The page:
We drove south through green valleys studded with market gardens and polytunnels. Fruit and vegetables were sold by the road side. Most of the towns we drove through were dour, litter strewn and unattractive.
We eventually stopped at a pretty little camp site at Ure Vajgurore in the south of Albania. We were warmly greeted by the owner, Donna, and her husband. Later they brought us a glass of iced coffee to welcome us. Donna’s English was difficult to understand but it didn’t stop her chatting away in spite of our puzzled expressions. She made a real effort to help us, bringing us lettuce and spring onions from her vegetable patch and explaining at great length how we could take the bus to the local town of Berat, a Unesco World Heritage site. It rained all evening and more rain was forecast the next day.
We travelled to Berat in an old Ford Transit twelve seater minibus. There were already fifteen passengers on the bus when it stopped to pick us up; the driver was talking on his mobile for the entire journey. Berat, known as the Town Of A Thousand Windows, was set at the base of a rugged mountain range with the little white, many windowed, houses rising up the mountainside towards the castle at the top. There were cobbled streets, several churches and a mosque.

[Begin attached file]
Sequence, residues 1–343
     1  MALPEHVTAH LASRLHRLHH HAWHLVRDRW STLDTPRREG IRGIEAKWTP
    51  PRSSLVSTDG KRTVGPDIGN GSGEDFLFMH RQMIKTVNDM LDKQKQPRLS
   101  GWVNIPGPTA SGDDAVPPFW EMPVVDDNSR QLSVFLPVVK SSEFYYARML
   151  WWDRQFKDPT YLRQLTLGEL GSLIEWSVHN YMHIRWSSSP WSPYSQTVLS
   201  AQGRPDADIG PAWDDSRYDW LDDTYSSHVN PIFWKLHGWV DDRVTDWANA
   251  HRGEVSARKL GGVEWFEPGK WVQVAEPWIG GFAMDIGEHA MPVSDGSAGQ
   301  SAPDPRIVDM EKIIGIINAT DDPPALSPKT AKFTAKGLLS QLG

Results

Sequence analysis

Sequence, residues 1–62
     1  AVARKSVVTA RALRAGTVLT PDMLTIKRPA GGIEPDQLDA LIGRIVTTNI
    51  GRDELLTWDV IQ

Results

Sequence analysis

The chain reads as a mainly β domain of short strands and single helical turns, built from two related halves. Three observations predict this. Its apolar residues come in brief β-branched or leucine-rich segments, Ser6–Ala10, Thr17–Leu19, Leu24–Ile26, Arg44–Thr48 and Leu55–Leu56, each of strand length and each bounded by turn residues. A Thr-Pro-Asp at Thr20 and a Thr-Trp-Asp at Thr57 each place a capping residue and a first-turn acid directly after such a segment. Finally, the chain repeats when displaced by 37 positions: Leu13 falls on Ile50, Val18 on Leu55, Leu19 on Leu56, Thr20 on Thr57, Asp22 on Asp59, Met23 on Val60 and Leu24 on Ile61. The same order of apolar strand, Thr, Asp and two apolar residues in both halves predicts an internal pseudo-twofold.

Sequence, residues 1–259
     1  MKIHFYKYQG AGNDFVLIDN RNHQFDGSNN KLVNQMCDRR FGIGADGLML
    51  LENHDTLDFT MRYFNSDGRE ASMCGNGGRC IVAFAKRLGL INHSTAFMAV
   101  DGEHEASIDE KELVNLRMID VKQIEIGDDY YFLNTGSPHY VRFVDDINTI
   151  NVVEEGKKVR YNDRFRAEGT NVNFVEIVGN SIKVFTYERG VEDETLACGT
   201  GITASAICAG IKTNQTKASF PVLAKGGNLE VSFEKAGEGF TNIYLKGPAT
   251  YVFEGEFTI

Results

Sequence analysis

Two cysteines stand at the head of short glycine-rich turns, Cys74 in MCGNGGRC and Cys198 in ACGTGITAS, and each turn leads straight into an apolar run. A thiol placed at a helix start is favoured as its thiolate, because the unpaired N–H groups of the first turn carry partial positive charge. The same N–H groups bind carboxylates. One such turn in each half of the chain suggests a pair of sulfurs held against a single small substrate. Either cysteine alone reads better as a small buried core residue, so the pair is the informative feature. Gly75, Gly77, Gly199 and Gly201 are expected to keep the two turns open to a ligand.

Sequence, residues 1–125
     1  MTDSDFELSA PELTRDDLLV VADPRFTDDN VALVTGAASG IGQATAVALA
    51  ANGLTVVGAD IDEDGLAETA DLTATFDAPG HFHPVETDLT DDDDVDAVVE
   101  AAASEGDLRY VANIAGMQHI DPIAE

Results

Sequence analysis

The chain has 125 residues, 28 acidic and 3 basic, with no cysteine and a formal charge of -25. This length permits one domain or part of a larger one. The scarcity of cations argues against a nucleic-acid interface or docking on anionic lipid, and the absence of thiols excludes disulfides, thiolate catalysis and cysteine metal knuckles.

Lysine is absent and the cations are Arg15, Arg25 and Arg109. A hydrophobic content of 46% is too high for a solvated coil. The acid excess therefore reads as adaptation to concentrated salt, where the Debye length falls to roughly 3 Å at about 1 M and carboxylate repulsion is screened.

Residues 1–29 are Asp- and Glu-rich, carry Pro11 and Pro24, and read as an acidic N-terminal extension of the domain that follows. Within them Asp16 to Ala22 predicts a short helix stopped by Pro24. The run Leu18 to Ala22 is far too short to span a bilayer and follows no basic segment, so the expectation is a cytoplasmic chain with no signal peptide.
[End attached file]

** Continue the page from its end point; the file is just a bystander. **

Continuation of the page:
The bus we caught back to the campsite was a 1950s charabanc with a gear box that emitted alarming grinding noises – the driver had to slow right down to change gear and a lot of the time he coasted along out of gear. The last leg of the journey was in a very old Mercedes minibus – it was standing room only when we squeezed in, we stood in the narrow aisle with shopping bags all around our feet. Four more passengers boarded after us; fortunately the camp site was only five minutes drive out of town – the final four passengers had to alight at our stop to let us get off. There were a few youngsters travelling in the bus who were interested to know where we were from and why we were holidaying in Albania, saying we were crazy.